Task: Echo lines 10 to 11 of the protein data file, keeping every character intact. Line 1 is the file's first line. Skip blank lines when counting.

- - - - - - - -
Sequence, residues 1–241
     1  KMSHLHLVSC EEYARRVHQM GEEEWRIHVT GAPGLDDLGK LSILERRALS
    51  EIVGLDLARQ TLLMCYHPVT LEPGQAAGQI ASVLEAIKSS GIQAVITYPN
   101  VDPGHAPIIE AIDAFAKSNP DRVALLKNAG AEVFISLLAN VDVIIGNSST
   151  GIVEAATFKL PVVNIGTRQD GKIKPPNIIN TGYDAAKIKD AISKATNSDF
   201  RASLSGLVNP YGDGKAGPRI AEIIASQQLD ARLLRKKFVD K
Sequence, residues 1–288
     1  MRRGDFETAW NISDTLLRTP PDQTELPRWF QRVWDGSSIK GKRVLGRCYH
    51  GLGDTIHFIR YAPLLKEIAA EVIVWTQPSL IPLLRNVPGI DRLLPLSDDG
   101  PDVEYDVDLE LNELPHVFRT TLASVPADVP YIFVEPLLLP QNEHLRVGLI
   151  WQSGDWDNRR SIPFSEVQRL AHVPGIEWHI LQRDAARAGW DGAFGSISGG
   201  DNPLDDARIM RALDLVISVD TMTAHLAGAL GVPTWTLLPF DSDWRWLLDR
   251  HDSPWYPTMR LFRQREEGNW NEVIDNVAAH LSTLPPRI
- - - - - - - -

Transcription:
   101  PDVEYDVDLE LNELPHVFRT TLASVPADVP YIFVEPLLLP QNEHLRVGLI
   151  WQSGDWDNRR SIPFSEVQRL AHVPGIEWHI LQRDAARAGW DGAFGSISGG